2. Make it a priority to obtain the most clear picture of your present arsenal of risks and value items for your career in music. To help you with this, fill out this short music business test.

3. Design a plan for organizing the actions you plan to take to grow your music career. This means to write out the music career value assets you must develop to reach your specific goals and also think about how you will seek to eliminate the conflicting weaknesses that come along with them. You will have a much easier time doing this step of the process if you work with a proven music career trainer who has already coached musicians just like you to reach success in the music business.

4. Keep in mind that compiling a comprehensive plan for reaching your music career goals demands having a clear image of what you want to achieve and supplementing that vision through ongoing training. Fact is that the majority of musicians are not hard-wired for thinking in this way. They, as most creative business minds, tend to act on impulse and intuition. While those attributes are certainly valuable at times, it is important to know how to balance them with strategic planning and careful implementation.

Additionally, realize that all things that you do to grow your music career will have limited effect on your progress until you get clarity on elements of your psychological profile of strengths and weaknesses as described in this article. The good news is that after discovering the best ways to mine the maximum results out of yourself, you will find yourself moving much faster towards your goals as a professional musician.

To help you find out more about your current potential to launch or expand your music career, take this free music business test.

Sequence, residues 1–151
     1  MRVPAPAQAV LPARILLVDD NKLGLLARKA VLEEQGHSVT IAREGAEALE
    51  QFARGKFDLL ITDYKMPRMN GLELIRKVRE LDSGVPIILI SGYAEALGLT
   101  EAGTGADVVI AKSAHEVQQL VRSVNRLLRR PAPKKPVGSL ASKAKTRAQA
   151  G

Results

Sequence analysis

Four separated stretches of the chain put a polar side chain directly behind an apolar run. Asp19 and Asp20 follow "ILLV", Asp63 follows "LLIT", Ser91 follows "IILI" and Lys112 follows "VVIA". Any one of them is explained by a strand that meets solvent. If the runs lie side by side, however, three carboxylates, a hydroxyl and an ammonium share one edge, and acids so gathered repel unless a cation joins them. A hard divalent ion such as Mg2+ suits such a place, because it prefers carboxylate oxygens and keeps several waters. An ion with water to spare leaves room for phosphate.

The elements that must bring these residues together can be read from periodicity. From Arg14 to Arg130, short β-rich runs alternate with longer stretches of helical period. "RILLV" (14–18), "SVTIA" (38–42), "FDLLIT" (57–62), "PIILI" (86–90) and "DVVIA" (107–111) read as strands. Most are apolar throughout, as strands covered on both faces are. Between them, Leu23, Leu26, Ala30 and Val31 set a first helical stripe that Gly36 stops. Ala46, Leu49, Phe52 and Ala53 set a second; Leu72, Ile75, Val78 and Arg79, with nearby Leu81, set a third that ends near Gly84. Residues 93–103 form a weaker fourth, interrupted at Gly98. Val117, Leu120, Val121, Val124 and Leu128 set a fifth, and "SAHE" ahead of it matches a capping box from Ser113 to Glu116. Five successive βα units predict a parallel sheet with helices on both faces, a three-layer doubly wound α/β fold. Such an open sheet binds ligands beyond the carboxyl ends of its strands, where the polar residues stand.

About Tom Hess

Tom Hess is a highly successful guitar teacher, recording artist and the guitar player for the band Rhapsody Of Fire. He helps people from all over the world learn how to teach guitar. Visit his website tomhess.net to get free guitar teacher resources and to read more guitar teaching articles.

Comments [3]

  1. Nice article. These are all great points about “beginning with the end in mind.” You are spot-on in your evaluation of the “artist” personality…

    I don’t totally agree with “You have played, performed and toured with many different bands” as any kind of problem unless you have been unethical and mercenary in your conduct. I think it shows experience and adaptability as well as the ability to manage a complex schedule. The freelance musician is the long-term survivor. It’s nice to have something musical to do while waiting for your “ship to come in.”

    I think It is also important to define “success” more realistically in this new millennium… There are plenty of “famous” people who don’t make nearly as much money as one might think, and their career arc is laughably short. Better to think about building a specialized, loyal audience to support your music than to strive for mythical “rock star” status. This kind of stadium-filling fame is mostly a thing of the past, and is mostly about political and commercial position rather than musical value. Most musicians reading this will want to do something artistically valuable, while making a decent living… totally possible.

    Thanks for a great article!

  2. Great article! Most of the things you mentioned are total common sense yet we don’t do the simple thing that can make a huge difference in our career. I definitely fit into the “fountain of new ideas and excitement” catagory and while it’s great to be on a creative high, it becomes extremely frustrating as things pile up and I usually end up overwhelmed and stall…Reading all your other articles has made me spend quality time writing down my goals, getting clear and working a plan! Thanks so much! I’m glad I found you and look forward to more.

  3. Seriously Tom?
    This article is like so many ‘generic’ how to articles I’ve read. It is like saying, to be successful, you must learn to be successful! The ideas presented are, as another commenter wrote, common sense. Where are the specifics? How about suggesting places to go to make music connections, how to promote a new song, how to find a good recording studio that is a good fit for your style, how to copy write your songs…? You’ve actually given NO direction for a musician to take, other than, you must find a path.